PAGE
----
As seen in the ultraviolet, Venus is striped by light and dark areas indicating that an unknown absorber is operating in the planet's top cloud layerNASA

The sulfuric acid-rich atmosphere of Venus, the closest neighbor to Earth in the Solar System, has the right conditions to host a variety of extraterrestrial life. The lower clouds of Venus have been found to have the right amount of pressure and temperature to actually support life.

Venus' lower cloud layers that lie between 47.5km and 50.5km from its surface, according to a study published in Astrobiology magazine, have been named an "exceptional target" for exploration of life by researchers. Apart from the acidity, the region has moderate temperatures and pressure levels of around 60 degrees C and 1 atmosphere, notes the study.

The presence of micron-sized sulfuric acid aerosols have also been seen as a positive sign for the presence of life.

Possibility of life on Venus has been a hotly-debated subject for decades now; even Carl Sagan had published a paper in 1967 on the topic. The idea for this recent study was the well-known, light absorbing patches of cloud-like formations in the planet. Researchers now think that these cloud formations could be similar to algal blooms found on Earth, absorbing sunlight and using it for energy. These particles have been found to be of a similar size and shape to algae as well.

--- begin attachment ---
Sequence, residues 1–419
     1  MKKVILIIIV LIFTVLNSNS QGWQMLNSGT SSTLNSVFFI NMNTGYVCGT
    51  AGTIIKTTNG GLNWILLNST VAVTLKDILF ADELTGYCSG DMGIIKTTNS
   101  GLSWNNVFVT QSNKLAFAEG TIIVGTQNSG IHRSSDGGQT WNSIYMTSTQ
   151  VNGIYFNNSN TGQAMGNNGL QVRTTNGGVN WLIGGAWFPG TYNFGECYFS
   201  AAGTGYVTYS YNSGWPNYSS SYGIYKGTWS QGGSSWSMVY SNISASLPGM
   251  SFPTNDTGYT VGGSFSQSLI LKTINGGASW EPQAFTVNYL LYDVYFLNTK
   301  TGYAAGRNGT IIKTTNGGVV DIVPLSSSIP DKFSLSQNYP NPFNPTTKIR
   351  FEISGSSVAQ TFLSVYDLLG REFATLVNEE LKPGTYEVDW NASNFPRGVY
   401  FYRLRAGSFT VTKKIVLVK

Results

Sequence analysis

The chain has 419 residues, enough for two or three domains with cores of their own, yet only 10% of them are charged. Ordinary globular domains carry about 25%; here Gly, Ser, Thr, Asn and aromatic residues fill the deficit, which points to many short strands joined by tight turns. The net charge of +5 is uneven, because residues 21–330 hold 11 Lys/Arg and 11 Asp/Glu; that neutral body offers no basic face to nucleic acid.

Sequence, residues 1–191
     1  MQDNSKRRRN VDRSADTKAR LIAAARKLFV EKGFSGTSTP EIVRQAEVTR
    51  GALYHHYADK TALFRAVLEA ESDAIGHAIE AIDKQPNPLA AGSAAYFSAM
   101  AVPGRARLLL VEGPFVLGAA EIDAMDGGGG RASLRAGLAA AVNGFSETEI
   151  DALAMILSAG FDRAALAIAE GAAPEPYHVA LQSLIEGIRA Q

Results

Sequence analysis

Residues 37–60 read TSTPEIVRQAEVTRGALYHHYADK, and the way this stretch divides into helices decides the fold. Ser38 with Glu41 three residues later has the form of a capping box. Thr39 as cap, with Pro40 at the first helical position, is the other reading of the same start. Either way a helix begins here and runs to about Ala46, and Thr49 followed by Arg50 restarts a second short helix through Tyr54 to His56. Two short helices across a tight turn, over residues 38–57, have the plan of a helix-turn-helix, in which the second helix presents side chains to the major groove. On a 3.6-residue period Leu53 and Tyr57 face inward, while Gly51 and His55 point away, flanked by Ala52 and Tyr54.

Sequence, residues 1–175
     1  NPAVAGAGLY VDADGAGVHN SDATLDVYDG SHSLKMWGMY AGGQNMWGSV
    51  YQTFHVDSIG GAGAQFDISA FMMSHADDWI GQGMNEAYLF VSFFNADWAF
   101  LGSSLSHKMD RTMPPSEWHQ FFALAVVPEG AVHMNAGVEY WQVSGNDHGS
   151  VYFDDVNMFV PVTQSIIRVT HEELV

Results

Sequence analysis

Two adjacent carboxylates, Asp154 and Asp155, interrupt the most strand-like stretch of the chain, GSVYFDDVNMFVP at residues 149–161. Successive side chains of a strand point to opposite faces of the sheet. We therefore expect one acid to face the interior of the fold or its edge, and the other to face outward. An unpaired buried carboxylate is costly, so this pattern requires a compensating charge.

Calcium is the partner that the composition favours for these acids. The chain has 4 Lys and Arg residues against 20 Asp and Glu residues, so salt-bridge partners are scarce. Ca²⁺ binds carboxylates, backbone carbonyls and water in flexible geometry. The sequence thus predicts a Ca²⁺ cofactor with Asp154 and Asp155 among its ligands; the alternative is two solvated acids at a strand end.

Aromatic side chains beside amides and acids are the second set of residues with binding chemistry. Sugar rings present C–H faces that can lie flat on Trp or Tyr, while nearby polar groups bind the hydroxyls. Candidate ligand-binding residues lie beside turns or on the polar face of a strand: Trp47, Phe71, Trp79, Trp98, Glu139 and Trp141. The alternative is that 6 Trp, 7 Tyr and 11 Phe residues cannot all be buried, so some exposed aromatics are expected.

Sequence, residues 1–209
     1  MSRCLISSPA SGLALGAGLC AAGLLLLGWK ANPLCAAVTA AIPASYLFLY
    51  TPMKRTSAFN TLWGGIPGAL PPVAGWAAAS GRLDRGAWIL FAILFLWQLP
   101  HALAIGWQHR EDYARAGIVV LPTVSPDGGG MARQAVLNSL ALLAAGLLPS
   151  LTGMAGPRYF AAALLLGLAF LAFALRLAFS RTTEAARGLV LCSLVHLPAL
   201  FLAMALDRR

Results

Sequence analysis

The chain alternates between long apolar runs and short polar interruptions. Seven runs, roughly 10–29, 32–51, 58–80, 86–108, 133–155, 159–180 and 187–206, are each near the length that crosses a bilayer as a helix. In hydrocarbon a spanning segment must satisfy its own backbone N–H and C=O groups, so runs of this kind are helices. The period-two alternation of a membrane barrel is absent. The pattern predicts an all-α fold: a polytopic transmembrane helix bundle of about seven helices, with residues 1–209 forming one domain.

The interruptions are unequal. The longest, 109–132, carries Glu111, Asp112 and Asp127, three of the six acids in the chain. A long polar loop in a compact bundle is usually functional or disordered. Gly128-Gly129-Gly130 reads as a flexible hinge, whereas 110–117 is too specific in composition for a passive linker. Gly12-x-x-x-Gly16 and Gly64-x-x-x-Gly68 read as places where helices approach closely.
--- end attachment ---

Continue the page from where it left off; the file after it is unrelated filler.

This, however is still a hypothesis and the clouds need to be actually sampled and tested. "To really know, we need to go there and sample the clouds," Biological Chemist Rakesh Mogul, study co-author and professor at California State Polytechnic University, Pomona, said in a statement. "Venus could be an exciting new chapter in astrobiology exploration."

"Venus has had plenty of time to evolve life on its own," explains Sanjay Limaye of the University of Wisconsin-Madison's Space Science and Engineering Center, who led the study. He noted that some models suggest Venus could have had liquid water on its surface and a habitable climate for as long as 2 billion years. "That's much longer than is believed to have occurred on Mars," reports ScienceDaily.

What kind of life are the scientists hoping to find on Venus?

Microbial life that lives primarily in the atmosphere. Even here on Earth, bacteria has been recorded to not just survive, but thrive in the atmosphere, sometimes up to 41 km in the air. These microbes have also been recorded in extremely harsh conditions such as the Yellowstone pools and thermal volcanic vents. Expecting similar extreme creatures on Venus does not seem like that much of a stretch at this point.